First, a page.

Politics

Biden pardons Peanut Butter and Jelly in his first presidential turkey pardon

 (CNN) — President Joe Biden pardoned two turkeys, named Peanut Butter and Jelly, on Friday during the first traditional turkey pardon ceremony of his presidency.

In a joke-filled ceremony on the White House’s Rose Garden, Biden pardoned the two birds, sparing them both from becoming a presidential meal this holiday season.

“Eventually, Peanut Butter and Jelly were selected based on their temperament, appearance and, I suspect, vaccination status,” the president joked. “Yes, instead of getting basted, these two turkeys are getting boosted.”

Biden said Peanut Butter and Jelly were “two names I couldn’t agree on more,” adding, “I have to admit to you, my wife doesn’t like me to admit it — that’s what I like for lunch.”

The president also took a moment during the ceremony to acknowledge the COVID-19 pandemic and a return to Thanksgiving traditions with loved ones.

“In all seriousness, it’s important to continue traditions like this to remind us how from the darkness, there’s light and hope and progress and — that’s what this year’s Thanksgiving, in my view, represents,” the president said. “So many of us will be gathering with our loved ones for the first time in a long time. And we’ll be reconnecting with traditions, with our tables and our hearts full of grace and gratitude for everyone who made it possible.”

Biden thanked scientists and front-line workers who developed and administered the COVID-19 vaccine, as well as essential workers, faith leaders and the workers who grow and harvest the food on Americans’ tables.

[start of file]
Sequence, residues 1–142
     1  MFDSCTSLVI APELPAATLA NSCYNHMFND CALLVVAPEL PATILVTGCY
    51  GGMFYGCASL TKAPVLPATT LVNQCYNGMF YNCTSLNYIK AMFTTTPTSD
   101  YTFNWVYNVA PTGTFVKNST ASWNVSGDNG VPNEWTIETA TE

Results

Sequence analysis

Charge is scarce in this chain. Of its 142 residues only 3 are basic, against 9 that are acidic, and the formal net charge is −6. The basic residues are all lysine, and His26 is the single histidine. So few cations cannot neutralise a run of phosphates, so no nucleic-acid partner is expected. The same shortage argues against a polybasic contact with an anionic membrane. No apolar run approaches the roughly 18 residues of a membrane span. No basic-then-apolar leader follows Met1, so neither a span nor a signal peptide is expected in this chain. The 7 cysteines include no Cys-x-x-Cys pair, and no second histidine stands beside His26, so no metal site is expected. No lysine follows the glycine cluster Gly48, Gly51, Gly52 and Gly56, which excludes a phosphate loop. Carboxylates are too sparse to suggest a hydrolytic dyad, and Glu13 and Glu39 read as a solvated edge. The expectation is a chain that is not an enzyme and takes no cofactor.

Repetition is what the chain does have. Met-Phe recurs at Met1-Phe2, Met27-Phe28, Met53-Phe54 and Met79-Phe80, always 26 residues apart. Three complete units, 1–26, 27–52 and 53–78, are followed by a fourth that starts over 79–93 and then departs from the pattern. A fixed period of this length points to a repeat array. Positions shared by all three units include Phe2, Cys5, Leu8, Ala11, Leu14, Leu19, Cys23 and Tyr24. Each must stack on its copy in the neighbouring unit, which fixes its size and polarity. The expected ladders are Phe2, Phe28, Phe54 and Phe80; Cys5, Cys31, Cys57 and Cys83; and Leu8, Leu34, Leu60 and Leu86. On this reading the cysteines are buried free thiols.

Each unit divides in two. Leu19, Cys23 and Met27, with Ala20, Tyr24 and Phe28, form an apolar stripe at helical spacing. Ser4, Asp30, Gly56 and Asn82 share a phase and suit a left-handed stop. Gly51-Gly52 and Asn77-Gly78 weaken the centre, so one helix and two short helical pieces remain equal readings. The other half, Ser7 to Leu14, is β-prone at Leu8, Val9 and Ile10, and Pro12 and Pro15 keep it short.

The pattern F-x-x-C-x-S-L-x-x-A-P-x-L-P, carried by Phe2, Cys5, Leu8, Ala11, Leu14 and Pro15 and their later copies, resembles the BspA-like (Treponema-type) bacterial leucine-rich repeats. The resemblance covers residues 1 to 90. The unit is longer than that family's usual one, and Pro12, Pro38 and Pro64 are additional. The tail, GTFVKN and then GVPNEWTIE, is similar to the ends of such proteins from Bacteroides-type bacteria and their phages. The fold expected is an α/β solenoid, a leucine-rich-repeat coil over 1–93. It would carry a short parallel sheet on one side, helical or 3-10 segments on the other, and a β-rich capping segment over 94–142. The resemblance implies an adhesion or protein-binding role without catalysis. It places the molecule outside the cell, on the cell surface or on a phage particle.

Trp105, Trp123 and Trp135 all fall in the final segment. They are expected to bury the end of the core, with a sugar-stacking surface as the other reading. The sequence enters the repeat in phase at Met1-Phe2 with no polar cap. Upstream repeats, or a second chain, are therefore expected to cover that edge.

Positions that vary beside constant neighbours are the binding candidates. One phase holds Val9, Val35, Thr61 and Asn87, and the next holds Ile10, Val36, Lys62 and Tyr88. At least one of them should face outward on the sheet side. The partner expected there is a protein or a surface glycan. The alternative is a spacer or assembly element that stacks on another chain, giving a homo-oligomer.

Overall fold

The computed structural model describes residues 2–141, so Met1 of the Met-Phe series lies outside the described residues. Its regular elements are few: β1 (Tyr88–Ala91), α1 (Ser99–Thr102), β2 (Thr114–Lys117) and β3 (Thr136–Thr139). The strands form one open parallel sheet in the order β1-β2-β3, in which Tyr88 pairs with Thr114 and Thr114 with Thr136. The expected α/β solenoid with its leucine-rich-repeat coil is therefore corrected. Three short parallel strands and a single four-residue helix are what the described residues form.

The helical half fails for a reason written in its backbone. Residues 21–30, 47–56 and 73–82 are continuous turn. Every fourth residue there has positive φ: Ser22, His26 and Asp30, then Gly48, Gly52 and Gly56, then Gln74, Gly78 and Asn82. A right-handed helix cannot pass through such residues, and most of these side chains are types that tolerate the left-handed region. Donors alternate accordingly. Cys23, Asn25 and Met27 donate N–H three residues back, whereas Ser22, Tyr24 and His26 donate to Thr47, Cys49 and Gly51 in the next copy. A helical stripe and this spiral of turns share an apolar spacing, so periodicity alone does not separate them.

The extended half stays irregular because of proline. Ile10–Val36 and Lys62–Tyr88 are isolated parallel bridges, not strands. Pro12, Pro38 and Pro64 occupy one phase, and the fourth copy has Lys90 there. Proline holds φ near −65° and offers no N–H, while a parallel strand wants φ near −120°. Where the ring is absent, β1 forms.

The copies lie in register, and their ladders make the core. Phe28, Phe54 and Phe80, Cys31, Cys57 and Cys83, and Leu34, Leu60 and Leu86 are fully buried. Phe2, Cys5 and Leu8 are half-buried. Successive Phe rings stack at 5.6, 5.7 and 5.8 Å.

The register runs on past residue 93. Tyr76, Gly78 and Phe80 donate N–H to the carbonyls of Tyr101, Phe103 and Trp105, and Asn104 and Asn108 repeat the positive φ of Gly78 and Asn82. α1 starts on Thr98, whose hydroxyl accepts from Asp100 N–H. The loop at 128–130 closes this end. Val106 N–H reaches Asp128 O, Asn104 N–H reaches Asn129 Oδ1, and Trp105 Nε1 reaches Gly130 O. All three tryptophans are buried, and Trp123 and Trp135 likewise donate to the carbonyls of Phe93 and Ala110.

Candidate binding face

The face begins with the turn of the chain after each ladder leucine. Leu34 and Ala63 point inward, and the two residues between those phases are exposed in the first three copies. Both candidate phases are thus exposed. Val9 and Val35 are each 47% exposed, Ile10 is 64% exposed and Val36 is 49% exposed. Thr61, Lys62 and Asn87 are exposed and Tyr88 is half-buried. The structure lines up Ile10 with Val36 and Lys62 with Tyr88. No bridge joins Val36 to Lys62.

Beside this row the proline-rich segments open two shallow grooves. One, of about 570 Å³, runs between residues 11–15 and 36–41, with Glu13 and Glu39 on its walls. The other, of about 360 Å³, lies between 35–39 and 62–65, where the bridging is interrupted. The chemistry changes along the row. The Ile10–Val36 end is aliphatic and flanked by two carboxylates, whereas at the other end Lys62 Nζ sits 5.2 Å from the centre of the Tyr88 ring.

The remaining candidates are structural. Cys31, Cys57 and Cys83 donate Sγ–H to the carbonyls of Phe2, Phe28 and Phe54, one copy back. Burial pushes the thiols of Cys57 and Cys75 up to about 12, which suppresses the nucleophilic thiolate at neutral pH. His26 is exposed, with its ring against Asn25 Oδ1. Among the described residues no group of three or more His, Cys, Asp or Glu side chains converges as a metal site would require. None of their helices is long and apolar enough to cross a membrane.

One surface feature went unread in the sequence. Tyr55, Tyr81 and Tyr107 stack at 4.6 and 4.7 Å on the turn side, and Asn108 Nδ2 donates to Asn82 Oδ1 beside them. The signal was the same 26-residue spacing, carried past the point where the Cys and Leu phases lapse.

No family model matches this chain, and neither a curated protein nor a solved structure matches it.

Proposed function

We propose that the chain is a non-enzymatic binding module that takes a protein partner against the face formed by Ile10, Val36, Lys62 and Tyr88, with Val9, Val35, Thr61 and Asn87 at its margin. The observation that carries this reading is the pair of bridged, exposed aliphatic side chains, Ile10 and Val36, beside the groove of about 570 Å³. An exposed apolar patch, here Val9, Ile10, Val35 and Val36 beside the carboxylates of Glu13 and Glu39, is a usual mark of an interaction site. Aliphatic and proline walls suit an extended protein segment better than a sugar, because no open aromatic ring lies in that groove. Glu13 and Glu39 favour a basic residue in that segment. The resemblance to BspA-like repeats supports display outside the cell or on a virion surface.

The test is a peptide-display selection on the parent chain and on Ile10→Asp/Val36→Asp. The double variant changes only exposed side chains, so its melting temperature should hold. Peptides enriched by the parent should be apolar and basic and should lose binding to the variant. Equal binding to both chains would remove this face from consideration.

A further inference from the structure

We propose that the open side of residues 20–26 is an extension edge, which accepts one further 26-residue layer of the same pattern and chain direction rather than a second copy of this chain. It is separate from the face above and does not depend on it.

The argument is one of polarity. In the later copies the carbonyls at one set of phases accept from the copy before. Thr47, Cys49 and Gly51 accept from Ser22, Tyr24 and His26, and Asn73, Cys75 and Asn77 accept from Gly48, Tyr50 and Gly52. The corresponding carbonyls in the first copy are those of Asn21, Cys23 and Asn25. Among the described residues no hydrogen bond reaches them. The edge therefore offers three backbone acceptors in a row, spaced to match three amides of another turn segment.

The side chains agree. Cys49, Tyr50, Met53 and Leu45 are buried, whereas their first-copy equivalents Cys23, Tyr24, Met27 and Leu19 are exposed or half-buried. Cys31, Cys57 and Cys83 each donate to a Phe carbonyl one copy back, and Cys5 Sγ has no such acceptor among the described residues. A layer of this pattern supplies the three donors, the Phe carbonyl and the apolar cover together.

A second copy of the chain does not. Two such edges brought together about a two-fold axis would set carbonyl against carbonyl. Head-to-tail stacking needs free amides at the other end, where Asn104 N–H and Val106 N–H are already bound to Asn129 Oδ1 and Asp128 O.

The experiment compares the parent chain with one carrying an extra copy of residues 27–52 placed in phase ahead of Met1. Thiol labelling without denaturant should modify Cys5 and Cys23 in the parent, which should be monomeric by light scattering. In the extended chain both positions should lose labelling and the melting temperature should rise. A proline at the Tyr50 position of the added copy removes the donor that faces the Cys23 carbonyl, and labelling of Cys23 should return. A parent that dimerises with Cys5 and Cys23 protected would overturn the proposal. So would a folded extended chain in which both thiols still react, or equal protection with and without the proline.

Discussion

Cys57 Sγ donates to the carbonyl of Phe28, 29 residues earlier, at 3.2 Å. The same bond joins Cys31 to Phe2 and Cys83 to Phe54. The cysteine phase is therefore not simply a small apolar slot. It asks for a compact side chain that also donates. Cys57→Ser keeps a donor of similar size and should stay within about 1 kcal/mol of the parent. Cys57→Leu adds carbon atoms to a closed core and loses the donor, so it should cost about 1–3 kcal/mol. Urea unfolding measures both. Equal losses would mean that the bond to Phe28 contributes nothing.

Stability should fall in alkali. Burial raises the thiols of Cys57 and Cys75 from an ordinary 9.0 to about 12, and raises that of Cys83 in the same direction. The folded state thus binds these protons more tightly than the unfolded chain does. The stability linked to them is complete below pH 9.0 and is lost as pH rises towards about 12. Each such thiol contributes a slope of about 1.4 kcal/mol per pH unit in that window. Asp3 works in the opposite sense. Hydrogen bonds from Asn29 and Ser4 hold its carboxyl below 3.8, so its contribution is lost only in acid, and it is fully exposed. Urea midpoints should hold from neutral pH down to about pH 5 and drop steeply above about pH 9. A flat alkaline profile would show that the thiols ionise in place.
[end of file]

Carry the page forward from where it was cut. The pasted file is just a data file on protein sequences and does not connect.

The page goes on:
The outdoor ceremony, which was attended by White House staffers’ families and children, comes two weeks after the US Centers for Disease Control and Prevention endorsed a recommendation to vaccinate children ages 5-11 against COVID-19.

Following the ceremony, they will retire to their home state at Purdue University’s Animal Sciences Education and Research Farm.

The Indiana-raised birds flocked to Washington, D.C., this week, staying at the luxe Willard Hotel and attending a news conference on Thursday with the National Turkey Federation ahead of their White House appearance.

“Raising the presidential turkey flock has really been a lot of fun this year. As we all know, with another year of uncertainties with the pandemic, this project has really been something to look forward to,” grower Andrea Welp said on Thursday.

The National Turkey Federation became the official turkey supplier to the first family in 1947 and the formal turkey presentation ceremony has been around since President Harry Truman. Truman was the first to accept a turkey from them — however, he did not spare the bird.

Rumors of turkey pardons go back in presidential history as far as the Lincoln administration. Folklore has it that Lincoln’s young son asked his father to spare a pet turkey that was supposed to be part of their Thanksgiving dinner.

The first documented turkey pardon was given by President John F. Kennedy in 1963, though it didn’t catch on right away. Even though President Gerald Ford pardoned President Richard Nixon, neither one of them decided to officially pardon any turkeys.

Turkey pardoning became the norm in the White House in 1989 when President George H.W. Bush revived the tradition, now a staple of the White House holiday season.

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